The benefits of video conferencing for remote working are well understood, such as enabling a wider talent pool and increasing productivity and employee happiness1. But there are other business benefits too. For example, in a recent study2 of 1,152 video conferencing users, 71% agreed that video conferencing strengthened customer relationships, while almost 60% said it improved the sales process too. This is where dedicated video conferencing hardware comes in.
Given these compelling advantages, video conferencing is something that your business can’t afford to ignore, but how do you integrate it effectively so as to reap the rewards?
The good news is that getting started with video conferencing costs nothing, and simply requires that you have a device with a camera and microphone, which covers pretty much every modern laptop, tablet or 2-in-1 device. The only other element required is the software and even here the entry-level options are free.
Video conferencing software
Zoom topped the poll for the most popular video conferencing app in the study mentioned earlier, but there are many other options, including Skype for Business, Slack and the excellent Google Hangouts, the majority of which are free, at least for the entry-level tier.
Taking Zoom as the example, you can sign up for free and hold video conferences with up to 100 participants, including features such as screen-sharing and breakout rooms, without having to pay a penny. For more advanced features, such as a greater number of participants, cloud recordings of meetings, usage reports and so on, the next tier upstarts from £11.99 per month per host, which is highly affordable. So why would you ever consider anything more than this, or even paying at all?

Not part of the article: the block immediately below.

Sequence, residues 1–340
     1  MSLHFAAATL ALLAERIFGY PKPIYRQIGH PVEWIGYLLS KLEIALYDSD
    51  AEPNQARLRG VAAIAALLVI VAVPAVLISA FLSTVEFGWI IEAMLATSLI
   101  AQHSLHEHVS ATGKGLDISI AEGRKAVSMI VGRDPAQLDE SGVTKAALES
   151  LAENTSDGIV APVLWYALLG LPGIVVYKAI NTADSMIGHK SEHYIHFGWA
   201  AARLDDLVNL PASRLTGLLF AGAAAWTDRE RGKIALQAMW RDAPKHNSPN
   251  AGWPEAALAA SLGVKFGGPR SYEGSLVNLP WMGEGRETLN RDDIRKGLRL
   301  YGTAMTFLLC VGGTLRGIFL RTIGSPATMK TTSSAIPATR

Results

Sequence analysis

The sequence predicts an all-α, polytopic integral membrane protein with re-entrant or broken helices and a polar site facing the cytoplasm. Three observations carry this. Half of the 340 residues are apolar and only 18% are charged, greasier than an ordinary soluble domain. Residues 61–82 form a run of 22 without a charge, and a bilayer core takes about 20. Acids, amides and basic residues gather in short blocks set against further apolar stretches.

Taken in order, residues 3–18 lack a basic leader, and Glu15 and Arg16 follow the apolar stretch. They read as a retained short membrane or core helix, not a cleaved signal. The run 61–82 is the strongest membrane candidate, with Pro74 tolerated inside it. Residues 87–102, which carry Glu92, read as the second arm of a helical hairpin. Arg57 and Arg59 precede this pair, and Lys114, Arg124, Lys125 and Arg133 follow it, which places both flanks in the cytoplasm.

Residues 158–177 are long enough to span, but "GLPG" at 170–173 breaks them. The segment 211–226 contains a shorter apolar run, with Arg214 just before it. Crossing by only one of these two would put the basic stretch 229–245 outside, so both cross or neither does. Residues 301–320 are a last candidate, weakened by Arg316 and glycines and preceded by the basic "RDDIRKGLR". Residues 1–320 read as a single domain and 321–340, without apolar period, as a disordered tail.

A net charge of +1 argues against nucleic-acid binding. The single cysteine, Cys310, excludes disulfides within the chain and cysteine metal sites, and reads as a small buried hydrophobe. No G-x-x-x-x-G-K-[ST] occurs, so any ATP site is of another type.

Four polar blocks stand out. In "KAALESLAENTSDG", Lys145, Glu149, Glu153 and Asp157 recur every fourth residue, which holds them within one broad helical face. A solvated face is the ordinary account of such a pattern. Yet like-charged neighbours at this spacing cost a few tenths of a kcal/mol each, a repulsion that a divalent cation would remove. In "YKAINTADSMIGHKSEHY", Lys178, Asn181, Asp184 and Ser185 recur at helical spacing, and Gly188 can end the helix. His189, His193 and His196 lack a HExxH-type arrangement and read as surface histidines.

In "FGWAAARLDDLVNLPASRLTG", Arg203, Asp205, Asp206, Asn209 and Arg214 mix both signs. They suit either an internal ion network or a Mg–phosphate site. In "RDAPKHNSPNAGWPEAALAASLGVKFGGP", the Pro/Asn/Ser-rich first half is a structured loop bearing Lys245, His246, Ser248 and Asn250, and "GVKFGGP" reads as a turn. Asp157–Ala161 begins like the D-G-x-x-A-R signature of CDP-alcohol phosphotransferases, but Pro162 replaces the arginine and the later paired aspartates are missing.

Software-only solutions – selling yourself short
When making a decision on the best solution for your business, it’s important to consider the reason why video conferencing is such an increasingly popular tool, which is that it enables for face-to-face collaboration without the need to travel. However, for this to be effective, the experience has to be as good as being there in person, or as close to it as possible, otherwise, the benefits are negated, or could even work against you.
For example, if you set up a video conference with a client using your laptop and the free tools available, consider whether you’re presenting (literally) the best impression of yourself and your company. Laptop webcams and microphones are often far from high-quality devices, capturing fuzzy, dim images, and audio that sounds like it was recorded in the 1950s for an episode of Doctor Who. And, due to their location on the top of the screen, laptop webcams rarely capture you at your best, especially if the laptop is placed on a desk. After all, it’s unlikely that your client or prospect wants to stare up your nose while you deliver your killer pitch.